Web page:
The US president and his cabinet are not members of Congress.  Neither the president nor the leader of the Senate or the House can compel any Senator or Representative to support the president's policies.  In a parliamentary system, however, the party whip is seldom lifted to allow Members of Parliament the discretion to vote as they wish.

Candidates for US Congress have to raise campaign money, collect signatures to get their names on the ballot, and personally appeal to registered voters of their party in primary elections.  Thus, local issues may be as important as, or more important than, national issues to individual Congressmen.  In many other democracies, the party controls whether to allow candidates to run, and actually puts their names on the ballot.

Significant authority is also vested with the legislatures in each of the constituent states of the US, and each of them can facilitate or impede the implementation of federal programmes.

The fragmented and diverse interests of the members of Congress may explain why it has been so difficult to reach an agreement on raising the US federal debt limit, a simple matter (many countries don't even have a debt limit that they are not permitted to exceed) which has now been inexplicably linked to balancing the budget, reducing spending and increasing taxes.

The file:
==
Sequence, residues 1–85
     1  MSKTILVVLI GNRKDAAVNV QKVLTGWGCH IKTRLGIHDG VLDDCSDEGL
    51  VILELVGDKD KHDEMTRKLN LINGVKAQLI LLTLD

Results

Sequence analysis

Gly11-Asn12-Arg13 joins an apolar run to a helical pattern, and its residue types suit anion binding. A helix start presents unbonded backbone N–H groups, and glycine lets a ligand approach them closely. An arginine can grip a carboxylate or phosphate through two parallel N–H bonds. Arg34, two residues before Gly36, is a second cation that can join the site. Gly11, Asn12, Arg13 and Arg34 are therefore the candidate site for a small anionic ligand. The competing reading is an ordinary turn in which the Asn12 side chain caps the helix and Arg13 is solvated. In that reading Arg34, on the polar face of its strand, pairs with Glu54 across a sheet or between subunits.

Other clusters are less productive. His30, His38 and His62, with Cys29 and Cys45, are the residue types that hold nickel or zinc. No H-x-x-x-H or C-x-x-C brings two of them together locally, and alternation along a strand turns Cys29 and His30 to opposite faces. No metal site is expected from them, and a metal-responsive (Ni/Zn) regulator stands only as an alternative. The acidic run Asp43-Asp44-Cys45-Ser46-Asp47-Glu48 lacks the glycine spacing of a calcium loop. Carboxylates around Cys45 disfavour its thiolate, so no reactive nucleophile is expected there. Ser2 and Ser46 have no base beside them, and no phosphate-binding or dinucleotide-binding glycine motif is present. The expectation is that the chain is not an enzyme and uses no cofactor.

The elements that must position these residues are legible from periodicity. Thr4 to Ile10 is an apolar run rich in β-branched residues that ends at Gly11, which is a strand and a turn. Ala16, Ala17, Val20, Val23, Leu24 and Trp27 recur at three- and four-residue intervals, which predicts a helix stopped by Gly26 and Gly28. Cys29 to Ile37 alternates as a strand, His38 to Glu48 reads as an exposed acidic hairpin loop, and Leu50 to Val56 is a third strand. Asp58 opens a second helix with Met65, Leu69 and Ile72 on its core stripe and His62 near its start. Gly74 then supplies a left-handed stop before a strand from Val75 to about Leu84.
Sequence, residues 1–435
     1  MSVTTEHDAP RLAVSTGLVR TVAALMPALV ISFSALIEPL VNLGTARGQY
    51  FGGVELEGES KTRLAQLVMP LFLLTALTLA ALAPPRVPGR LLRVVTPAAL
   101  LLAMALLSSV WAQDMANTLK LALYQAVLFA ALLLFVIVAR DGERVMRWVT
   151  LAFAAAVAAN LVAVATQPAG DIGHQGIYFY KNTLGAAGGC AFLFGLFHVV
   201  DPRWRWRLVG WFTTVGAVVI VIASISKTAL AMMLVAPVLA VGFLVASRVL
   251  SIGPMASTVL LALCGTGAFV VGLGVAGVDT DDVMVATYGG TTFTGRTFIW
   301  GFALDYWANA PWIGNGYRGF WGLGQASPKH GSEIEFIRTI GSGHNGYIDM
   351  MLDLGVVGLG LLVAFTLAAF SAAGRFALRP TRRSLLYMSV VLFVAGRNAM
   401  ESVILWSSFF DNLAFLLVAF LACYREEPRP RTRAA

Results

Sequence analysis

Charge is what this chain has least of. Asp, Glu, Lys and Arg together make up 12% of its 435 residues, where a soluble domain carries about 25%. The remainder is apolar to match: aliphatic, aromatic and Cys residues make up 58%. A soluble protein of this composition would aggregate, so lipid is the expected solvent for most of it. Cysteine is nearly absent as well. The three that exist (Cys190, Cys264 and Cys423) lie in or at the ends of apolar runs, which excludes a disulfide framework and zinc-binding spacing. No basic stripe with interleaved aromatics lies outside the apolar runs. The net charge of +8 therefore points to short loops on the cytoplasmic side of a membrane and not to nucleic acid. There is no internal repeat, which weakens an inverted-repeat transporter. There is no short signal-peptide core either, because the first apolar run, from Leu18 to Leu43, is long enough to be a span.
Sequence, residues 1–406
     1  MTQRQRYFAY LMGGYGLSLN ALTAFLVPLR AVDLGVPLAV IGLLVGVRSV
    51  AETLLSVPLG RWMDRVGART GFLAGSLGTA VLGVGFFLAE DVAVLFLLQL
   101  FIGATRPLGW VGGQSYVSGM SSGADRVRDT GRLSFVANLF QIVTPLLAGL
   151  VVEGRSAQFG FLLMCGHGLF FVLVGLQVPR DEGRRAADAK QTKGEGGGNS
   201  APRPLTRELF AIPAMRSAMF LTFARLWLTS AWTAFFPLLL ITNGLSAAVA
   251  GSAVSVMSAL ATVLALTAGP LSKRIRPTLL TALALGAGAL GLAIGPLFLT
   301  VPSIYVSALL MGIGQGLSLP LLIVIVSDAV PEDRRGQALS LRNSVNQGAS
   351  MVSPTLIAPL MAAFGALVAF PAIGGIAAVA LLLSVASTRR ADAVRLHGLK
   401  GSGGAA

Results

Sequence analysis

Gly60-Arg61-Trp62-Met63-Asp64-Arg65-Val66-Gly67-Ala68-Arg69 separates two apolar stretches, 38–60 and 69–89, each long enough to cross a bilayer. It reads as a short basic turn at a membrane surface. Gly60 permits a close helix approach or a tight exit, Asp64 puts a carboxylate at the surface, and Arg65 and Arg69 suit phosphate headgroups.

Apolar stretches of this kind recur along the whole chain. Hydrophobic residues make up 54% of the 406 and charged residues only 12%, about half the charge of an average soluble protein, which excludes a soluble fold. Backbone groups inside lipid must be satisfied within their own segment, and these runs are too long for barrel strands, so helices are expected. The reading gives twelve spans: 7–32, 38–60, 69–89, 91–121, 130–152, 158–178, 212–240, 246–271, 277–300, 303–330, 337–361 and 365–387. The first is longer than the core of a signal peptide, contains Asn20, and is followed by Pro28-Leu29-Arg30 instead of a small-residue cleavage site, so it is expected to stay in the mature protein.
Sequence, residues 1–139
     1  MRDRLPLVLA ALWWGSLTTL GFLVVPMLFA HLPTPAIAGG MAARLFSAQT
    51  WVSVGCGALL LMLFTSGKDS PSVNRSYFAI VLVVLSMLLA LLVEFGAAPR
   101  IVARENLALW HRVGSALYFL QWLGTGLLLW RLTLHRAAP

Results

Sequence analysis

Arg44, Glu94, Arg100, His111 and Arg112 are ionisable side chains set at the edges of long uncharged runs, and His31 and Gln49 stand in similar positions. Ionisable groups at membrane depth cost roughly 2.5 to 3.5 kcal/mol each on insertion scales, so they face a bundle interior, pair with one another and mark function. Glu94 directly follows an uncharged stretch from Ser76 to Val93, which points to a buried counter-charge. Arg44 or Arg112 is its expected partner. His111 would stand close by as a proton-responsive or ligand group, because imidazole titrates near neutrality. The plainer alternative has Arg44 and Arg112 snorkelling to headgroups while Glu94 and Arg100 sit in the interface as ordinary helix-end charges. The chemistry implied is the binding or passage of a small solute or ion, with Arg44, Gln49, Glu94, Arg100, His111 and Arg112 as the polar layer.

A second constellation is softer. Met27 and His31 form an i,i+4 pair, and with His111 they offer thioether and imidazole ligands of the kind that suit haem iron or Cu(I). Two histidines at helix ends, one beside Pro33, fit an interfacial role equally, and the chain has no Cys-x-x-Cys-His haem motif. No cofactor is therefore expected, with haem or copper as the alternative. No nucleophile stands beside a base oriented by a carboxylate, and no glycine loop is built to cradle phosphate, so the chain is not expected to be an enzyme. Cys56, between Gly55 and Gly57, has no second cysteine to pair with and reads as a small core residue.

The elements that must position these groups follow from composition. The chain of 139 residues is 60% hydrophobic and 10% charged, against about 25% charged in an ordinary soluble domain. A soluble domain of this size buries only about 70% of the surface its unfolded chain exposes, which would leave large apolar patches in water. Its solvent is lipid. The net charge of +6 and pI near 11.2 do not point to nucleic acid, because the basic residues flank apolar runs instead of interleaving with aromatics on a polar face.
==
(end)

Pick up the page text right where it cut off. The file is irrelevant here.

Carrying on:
If no agreement is reached to raise the federal debt limit by 2 August, the US will default.

It is difficult to imagine a country that faces a debt default not because of economic factors nor world events.  Incredibly, it is self-inflicted.  Raising the debt limit does not empower the government to spend more; it only allows the government to borrow what is necessary to ensure that the programmes previously approved by Congress are funded.  It is an unfair tactic to use to curtail such programmes.  It is not the appropriate tool to use.  It is a dangerous and reckless tactic.

The US is in this bizarre situation because its politicians do not have sufficient courage or will to do what is right for the country.  Perhaps, everyone thinks only his proposal is right for the country, and no other proposal will do.  But if everyone sticks to his guns and does not compromise, the country will grind to a halt and trigger a default.

There appear to be three options.  One, a combination of mostly spending cuts and some tax hikes; but Democrats are against spending cuts that will affect the vulnerable (and not every Democrat agrees with President Obama on the cuts) while the Republicans are against tax hikes for the wealthy which they say is bad for the economy.  Two, spending cuts only (which many Democrats do not agree with).  Three, neither spending cuts nor tax hikes, but giving President Obama the authority, and the blame, for raising the debt ceiling.

According to a recent Washington Post-ABC News poll [link], there is considerable agreement among Democrats, Republicans and independents on many of the specifics, contrary to what may be inferred from political posturing by the politicians in Washington.